infrastructure allocation.                                   and supply chain factors may play a role in all of this
      SD Rural Water managers were requested to               which was also discussed.
 submit a description of any projects they wish to                The exact process for accessing the funds is
 be included on a list of projects put forward by             still unknown at this time. However, DANR would
 South Dakota Association of Rural Water Systems              ask that each system that desires funding make
 (SDARWS). If known, the system should include                application with DANR to get on the State Water Plan
 an estimated cost of the project. SDARWS then                per the normal deadlines instead of circumventing
 composed a letter, which included the list of projects       the process by making a special appropriation
 and send it to the governor for consideration.               request for an individual infrastructure project. This
 Contemporaneously, managers were encouraged to               would ensure that there is a streamlined process for
 send a copy of the letter to their local Legislator’s, so    evaluating the applications and determining the
 they are aware of the information provided to the            level of funding for the project. Hence, if a system
 governor. The list of Projects included nearly $500          wants to be considered for funding under ARPA they
 million of work that could be ready and constructed          need to make sure to get on the State Water Plan.
 within the time parameters of the ARPA funding.              The applications are due October 1st, but there will
      DANR advised South Dakota state government              be opportunities to “amend” the State Water Plan on
 was awarded $975 million under ARPA (there are               a quarterly basis with applications due February 1st,
 additional $’s awarded directly to Counties and              May 1st, and August 1st.
 Municipalities). However, it is unknown at this                  The criteria for evaluating the individual projects
 time what portion of this funding will be allocated          are still unknown at this time too. The Department
 specifically to water infrastructure as the Legislature      did indicate that consideration may be given to rate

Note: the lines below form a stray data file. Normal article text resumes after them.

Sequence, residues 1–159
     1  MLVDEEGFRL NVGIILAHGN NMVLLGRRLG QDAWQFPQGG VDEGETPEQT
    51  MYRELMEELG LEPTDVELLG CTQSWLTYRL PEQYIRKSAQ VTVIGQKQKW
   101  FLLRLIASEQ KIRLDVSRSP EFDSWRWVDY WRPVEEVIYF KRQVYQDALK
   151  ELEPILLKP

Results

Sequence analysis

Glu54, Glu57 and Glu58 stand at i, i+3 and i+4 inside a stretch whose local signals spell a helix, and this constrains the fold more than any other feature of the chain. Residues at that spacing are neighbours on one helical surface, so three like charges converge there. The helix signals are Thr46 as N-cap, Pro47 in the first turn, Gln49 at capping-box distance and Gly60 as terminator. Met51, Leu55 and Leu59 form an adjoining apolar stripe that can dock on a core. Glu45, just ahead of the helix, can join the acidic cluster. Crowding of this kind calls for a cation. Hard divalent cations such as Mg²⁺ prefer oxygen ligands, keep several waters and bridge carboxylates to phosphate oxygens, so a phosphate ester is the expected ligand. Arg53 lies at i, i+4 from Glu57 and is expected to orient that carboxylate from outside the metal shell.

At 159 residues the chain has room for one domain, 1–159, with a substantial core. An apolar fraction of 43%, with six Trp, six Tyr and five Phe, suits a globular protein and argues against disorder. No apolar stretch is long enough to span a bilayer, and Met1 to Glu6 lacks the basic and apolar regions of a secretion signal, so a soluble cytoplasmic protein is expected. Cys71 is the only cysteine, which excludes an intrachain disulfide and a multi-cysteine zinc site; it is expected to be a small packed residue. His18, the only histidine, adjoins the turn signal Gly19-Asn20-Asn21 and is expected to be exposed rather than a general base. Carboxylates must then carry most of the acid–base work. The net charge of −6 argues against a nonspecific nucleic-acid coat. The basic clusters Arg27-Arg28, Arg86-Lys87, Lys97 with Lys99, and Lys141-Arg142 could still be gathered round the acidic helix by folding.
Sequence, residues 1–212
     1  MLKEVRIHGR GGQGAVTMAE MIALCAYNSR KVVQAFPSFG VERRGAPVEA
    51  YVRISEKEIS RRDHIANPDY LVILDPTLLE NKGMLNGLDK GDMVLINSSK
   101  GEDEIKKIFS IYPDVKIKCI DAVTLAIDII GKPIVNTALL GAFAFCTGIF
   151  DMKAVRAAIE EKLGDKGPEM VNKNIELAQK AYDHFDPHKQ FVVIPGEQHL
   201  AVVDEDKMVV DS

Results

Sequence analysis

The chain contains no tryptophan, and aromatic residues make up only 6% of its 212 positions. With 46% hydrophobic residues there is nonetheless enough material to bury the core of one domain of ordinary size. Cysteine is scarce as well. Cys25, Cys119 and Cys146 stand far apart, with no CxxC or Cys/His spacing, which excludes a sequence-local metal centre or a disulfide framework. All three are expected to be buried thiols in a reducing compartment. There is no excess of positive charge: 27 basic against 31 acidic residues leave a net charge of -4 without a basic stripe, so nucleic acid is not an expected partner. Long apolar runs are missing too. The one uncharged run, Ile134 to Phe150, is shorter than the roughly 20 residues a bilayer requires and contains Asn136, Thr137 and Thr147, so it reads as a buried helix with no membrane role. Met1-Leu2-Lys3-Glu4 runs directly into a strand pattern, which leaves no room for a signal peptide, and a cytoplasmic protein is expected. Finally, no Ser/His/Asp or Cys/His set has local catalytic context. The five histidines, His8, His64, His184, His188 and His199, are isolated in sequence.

will ultimately have to determine the level of funding       impact, whether there is a local match (ex; counties
 it intends to commit to these projects. The Governor         / cities), whether there is a regionalized benefit, the
 plans to make a recommendation to the Legislature            innovativeness of the project or whether a feasibility
 in early December as to the level of funding she             study has been completed. Ultimately, the Legislature
 would propose be committed to water infrastructure.          will obviously have to determine the level of
      In terms of eligibility, DANR advised that if a         funding that should be allocated to water and sewer
 system or project would otherwise be eligible for            infrastructure, but the Department would like to be
 funding under the Clean Water and Drinking Water             involved with the establishing such criteria.
 State Revolving Funding (SRF) Program then it would
 also be eligible for ARPA funding. However, the             2. West River Missouri River Pipeline
 Department made it clear that systems should not                 The West Dakota Water Development District
 expect to receive 100% funding for any one project           (WDWDD) has taken a leadership role in exploring
 using ARPA funds. Rather, only a percentage of the           the use of its Missouri River Future Use Water Permit
 total project cost would receive ARPA funding, and           #1443-2 (the permit). Before the most recent renewal
 the remainder would need to be funded by another             of the permit, WDWDD commissioned the South
 source, such as an SRF loan.                                 Dakota School of Mines and Technology (SDSMT) to
      There are important dates that must be                  study the need for additional water supply in western
 considered when a project is evaluated. First, the           Pennington County. The conclusion of the study was
 funds must be “obligated”, or under contract, no later       “a strong need for new sources of water within the

South Dakota
study area exists. . . local entities with a stake in our     dependents with the arrival of the new B-21 “Raider”
water security should pool their resources to ensure          Bomber at Ellsworth Air Force Base, located in
that they are proactive in securing future sources            Pennington and Meade Counties (Ellsworth AFB
of water” (SDSMT 2019). In March 2020, WDWDD                  2020), and with the preparations for possible drought
asked Banner Associates to coordinate with potential          conditions in the future, the continued exploration
entities in western South Dakota to ascertain their           for the development and distribution of water from
interest in exploring a bulk water transmission               the Missouri River is recommended
line that conveys Missouri River water to various
communities, Tribes, and water systems in western           3. Aberdeen Raw Water Pipeline
South Dakota. The project consisted of two parts:                 Officials in Aberdeen are looking into the
1) determining interest in joining in discussions             possibility of getting some of its water from
about a possible project, and 2) understanding the            the Missouri River. The Aberdeen City Council has